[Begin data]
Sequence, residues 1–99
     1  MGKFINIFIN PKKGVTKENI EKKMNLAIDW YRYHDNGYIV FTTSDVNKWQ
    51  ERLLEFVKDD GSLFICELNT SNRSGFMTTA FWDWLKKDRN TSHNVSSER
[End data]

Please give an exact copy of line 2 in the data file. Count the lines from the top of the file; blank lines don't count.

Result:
     1  MGKFINIFIN PKKGVTKENI EKKMNLAIDW YRYHDNGYIV FTTSDVNKWQ